It's clear that David Ayer's Sabotage isn't exactly Serpico long before Joe Manganiello's Grinder accuses himself and his team of “fingering the devil's pussy.” The hyperbole, however, is warranted, as the elite DEA tactical team that Grinder works with, led by the legendary Breacher (Arnold Schwarzenegger), is getting picked off one by one in seeming retribution for skimming $10 million from a drug cartel bust. Things start grimly, with Breacher watching footage of his wife's torture and death, but Ayer's latest quickly drums up ample “humor” through the pervasiveness of the characters' homophobia and dick talk.
From these less-than-auspicious beginnings, one might expect a run-of-the-mill swinging-dick actioner, but Sabotage is a beast of another sort. For one, there's no central villain to speak of and the story eventually evolves into a bizarre whodunit. There's talk of an elusive, high-grade Guatemalan hit squad hired to take out the team, which is composed of dudes with nicknames like Monster (Sam Worthington), Sugar (Terrence Howard), and Neck (Josh Holloway), but this rival squad proves to be a red herring. As the grisly murders start racking up, the film begins taking cues from popular horror (primarily the Saw and Final Destination franchises) by centering scenes on the improbability and inventiveness of the killing style. One of Breacher's men is found nailed to his ceiling, his guts ripped out and hanging like streamers, and another good ol' boy meets his end by getting hit by a train…while relieving himself in his Winnebago's sink.
This modest flair for the grotesque gives Sabotage an agreeable sense of macabre levity, one helped amply by the fact that Ayer never feigns any sort of moralism or condescends to “family values.” The writer-director has the good sense to generally avoid portraying these piggish brutes as heroes or role models of any sort, which was decidedly not the case with his previous film, End of Watch. Olivia Williams proves vital to this pursuit in the role of Caroline, a local detective, by playing up how comical her no-bull caricature is and making her characters' barbs against the team's alpha-male posturing really sing. The character of Lizzy, Monster's wife and the sole female member of the unit, is similarly elevated by Mireille Enos's willingness to go full tilt into what ends up being the film's most preposterous role.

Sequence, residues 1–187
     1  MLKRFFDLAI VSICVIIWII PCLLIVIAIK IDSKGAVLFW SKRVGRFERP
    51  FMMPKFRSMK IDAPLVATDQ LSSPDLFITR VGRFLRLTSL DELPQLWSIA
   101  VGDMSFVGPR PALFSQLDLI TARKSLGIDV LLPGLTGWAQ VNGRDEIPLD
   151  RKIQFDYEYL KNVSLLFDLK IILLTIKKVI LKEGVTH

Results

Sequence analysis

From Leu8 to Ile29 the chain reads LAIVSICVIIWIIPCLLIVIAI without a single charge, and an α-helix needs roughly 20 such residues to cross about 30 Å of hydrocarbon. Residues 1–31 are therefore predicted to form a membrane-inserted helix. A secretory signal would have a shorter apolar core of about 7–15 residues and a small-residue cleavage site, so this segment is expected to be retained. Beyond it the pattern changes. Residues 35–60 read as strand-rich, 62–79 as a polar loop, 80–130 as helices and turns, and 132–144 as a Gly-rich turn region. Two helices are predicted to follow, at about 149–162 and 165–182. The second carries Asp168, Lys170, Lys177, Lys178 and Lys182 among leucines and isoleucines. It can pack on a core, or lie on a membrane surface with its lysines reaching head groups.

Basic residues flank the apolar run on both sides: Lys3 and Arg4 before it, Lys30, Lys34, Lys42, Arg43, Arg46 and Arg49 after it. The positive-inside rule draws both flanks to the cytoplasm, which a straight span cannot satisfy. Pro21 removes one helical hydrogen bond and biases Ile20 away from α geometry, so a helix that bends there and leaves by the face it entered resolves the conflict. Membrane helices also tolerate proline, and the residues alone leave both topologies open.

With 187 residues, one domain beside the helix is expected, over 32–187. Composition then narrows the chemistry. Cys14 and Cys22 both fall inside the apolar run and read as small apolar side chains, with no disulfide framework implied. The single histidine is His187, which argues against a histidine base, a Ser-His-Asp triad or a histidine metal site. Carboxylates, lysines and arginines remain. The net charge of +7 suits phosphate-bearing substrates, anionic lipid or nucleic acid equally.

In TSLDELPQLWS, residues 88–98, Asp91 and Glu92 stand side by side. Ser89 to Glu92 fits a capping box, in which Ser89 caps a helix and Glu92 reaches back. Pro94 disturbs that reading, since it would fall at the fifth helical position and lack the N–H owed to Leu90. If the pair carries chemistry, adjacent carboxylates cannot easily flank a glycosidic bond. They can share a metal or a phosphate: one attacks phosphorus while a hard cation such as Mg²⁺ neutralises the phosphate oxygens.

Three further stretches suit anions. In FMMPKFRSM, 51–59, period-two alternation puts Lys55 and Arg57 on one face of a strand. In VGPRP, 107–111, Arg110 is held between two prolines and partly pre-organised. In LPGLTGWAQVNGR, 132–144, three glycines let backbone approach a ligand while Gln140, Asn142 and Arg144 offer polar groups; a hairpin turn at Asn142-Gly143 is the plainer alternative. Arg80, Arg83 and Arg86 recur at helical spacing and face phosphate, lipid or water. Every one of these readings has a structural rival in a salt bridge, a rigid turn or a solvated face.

But the fact that Caroline inexplicably beds a team member speaks to the film's attitude toward women: that they're to be used or protected, and never trusted. If the backstory-laden script consistently hints at self-awareness, that sense of knowingness is irrefutably cancelled out by the plain-faced aesthetic and much of the cast's general ambivalence. The dialogue, with its tonnage of off-putting one-liners, has a certain style, but the film defers to an atmosphere of fake urgency brought out by the standard-issue digital photography. There's no sense of visual artifice to match the ludicrous pitch of the script, and subsequently, the film comes off as awkward and uncertain. And these matters are only made worse by the fact that the film is anchored to Schwarzenegger, who's at once too big of a presence and too little of a talent to pull-off Breacher's gruff cynicism. The supporting players are convincing enough but largely inconsequential, an odd byproduct of which is that the female performances are the most memorable elements of the movie. It's a fitting irony after all the crude flexing Sabotage indulges in, but it's not a purposeful act by the director and paltry in comparison to the film's cock-of-the-walk excesses.